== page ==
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On ethics: Alexander Stein, Part 2

An interview by Adam Turteltaub, CHC, CCEP, Chief Engagement & Strategy Officer, SCCE & HCCA. Part 1 was published in the October 2020 issue of ethikos.

AT: A lot of emphasis in ethics and compliance is on setting the right tone at the top. Is that the right place to focus the effort, or are others more effective?

AS: Ethics and compliance, like car and aircraft maintenance, natural ecosystem preservation, and preventive medicine, ought to be a continual holistic practice. Overfocus on one area to the exclusion of others or sporadic examination rather than persistent oversight are as potentially risky and ineffective as complete negligence. Of course, certain areas by structural design have greater functional criticality and zones of impact than others and, by dint of this magnified influence, appropriately deserve disproportionately more attention.

But that shouldn’t be taken to mean, in organizational contexts, that emphasis on tone (or other important qualities and attributes) at the top trump attention elsewhere. Time and again, culture and compliance problems surface not from lack of attention but as a consequence of attending more to noise than signal. From my perspective, the right response is quality of attention given where it’s needed most.

Every organization’s strategic, cultural, and operational complexities are unique, and the people responsible for modeling, influencing, course-setting, and decision-making experience their personal and environmental situations differently; thus, human responses run across a spectrum. There’s no single formula or generic prescription for addressing ethics and culture problems (which are meaningfully different in almost all ways from transactional, market-related, production, and commercially oriented business issues).

That said, experience informs my understanding of the factors that generally enable or hamper certain organizations faring better or progressing more easily versus those that might struggle or even fail regardless of any other external elements.

Paramount is organizational resiliency, which primarily involves a strong institutional community built on trust and interdependency, provides psychological safety, and is conducive to an environment that fosters communicativeness, connectivity, empathy, and tolerance.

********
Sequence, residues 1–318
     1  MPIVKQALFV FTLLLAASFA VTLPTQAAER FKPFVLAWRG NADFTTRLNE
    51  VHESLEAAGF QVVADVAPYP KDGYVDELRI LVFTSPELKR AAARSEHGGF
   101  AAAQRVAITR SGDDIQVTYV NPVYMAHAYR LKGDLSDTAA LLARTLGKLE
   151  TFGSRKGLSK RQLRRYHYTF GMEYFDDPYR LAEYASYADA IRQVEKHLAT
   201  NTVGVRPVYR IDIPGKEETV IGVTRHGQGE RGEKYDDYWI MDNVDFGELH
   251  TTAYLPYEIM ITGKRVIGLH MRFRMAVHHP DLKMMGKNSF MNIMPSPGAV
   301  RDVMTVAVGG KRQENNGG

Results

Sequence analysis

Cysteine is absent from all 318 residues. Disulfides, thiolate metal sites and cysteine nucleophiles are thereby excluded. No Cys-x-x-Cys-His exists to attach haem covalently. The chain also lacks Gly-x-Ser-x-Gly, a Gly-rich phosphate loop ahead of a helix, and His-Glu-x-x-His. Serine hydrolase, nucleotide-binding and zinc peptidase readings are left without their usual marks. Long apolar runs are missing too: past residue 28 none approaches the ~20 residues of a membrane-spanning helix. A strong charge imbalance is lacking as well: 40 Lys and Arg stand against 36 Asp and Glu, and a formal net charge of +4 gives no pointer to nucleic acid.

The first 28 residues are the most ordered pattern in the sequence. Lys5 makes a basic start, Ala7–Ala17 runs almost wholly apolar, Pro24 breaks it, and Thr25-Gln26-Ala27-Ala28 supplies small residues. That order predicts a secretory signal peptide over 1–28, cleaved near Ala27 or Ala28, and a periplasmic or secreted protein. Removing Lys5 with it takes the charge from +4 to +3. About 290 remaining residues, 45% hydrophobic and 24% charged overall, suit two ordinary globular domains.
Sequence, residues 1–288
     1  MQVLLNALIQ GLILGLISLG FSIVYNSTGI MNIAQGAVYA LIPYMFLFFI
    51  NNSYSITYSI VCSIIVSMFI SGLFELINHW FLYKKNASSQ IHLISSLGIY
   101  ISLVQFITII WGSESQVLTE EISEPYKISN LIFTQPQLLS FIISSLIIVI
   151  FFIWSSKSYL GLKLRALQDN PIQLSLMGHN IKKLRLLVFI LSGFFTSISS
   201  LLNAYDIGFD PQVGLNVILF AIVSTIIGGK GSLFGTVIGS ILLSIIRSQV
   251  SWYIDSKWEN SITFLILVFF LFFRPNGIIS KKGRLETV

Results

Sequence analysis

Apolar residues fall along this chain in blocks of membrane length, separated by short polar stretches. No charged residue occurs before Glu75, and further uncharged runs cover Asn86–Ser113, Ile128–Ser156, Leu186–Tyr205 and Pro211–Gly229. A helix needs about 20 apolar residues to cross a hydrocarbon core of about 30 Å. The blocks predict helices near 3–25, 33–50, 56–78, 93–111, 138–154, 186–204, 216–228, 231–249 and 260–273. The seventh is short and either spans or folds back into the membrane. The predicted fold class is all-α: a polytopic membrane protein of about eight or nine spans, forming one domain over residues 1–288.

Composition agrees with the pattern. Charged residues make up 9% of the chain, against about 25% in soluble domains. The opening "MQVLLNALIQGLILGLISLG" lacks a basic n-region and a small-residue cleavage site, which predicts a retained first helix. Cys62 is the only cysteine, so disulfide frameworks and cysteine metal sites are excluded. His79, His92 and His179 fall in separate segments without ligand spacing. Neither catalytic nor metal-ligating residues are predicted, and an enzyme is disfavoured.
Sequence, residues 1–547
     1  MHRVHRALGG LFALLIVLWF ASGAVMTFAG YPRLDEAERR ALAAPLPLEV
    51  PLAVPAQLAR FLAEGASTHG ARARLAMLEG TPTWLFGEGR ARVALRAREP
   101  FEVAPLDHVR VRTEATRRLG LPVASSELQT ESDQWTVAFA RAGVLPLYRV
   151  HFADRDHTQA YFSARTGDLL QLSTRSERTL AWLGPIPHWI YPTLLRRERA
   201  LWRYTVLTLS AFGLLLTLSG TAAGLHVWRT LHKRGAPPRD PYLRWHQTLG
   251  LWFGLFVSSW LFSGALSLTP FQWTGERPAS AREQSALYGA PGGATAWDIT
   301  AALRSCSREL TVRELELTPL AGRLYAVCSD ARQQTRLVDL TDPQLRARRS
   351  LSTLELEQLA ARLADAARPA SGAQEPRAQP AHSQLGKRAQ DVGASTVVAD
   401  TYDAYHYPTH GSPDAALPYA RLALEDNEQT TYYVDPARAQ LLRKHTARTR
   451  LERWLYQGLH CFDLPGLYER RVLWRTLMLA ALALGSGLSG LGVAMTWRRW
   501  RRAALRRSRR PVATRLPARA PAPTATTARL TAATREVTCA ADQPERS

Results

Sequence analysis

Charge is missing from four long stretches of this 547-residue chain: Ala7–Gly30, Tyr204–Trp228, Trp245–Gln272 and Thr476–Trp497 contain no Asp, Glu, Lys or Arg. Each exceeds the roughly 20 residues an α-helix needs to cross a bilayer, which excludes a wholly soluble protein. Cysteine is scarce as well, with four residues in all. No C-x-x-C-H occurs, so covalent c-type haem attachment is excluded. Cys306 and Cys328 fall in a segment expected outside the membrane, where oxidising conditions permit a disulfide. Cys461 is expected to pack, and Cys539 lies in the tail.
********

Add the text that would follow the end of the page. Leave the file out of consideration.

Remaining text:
But no organization can establish that resilience or integrate its myriad environmental ingredients spontaneously or accidentally. It requires concerted thought and effort and, above all else, moral leadership.

Moral leadership, concisely, comprises what Jacqueline Novogratz, CEO of Acumen, talks about as “moral imagination” and “deep listening.”[1] These refer to an attitude, a mindset, foregrounding inquiry, curiosity, understanding, and kindness toward the value and importance of other people’s lives and experiences—whether those who work for or with you, who live in the community your company serves, or are affected by the work you do and the manner in which you conduct yourself. Moral leadership, as I understand and advance it in my own work with corporate leaders, is an essentially humanitarian perspective. It is not in opposition to or tension with capitalism, competition, profit, capacity building, or any other commercial principle. But, as a leadership stance, it privileges fairness and refuses to subordinate or peripheralize considerateness and empathy.

Why does this matter? Every organization I’m working with, and of course many others too, is focused on responding to the social, economic, and humanitarian crisis of COVID-19 on the fly across a wide range of impact zones. Some are dealing with declines, some are just trying to cope and stay stable, while others are seizing extraordinary opportunities. All are trying to adjust to a new reality without being able to forecast how long that might last or how or whether it will change. All are also confronting the ethical and social issues of our day: the long-festering wounds of racial injustice highlighted by the Black Lives Matter movement, the earlier protests of the #MeToo movement against sexual harassment and sexual abuse, as well as the many other individuals and groups that continue to face discrimination and injustice. And in addition to the current health and economic crises and social unrest, climate change continues to be a defining issue of our time, together with a backlash against democratic values and principles and a surge of regressive ideological conservatism bringing with it a rise in populism, despotism, fascism, and authoritarianism. In this environment, corruption and unethical behavior are not subjects that can or should be back-burnered.

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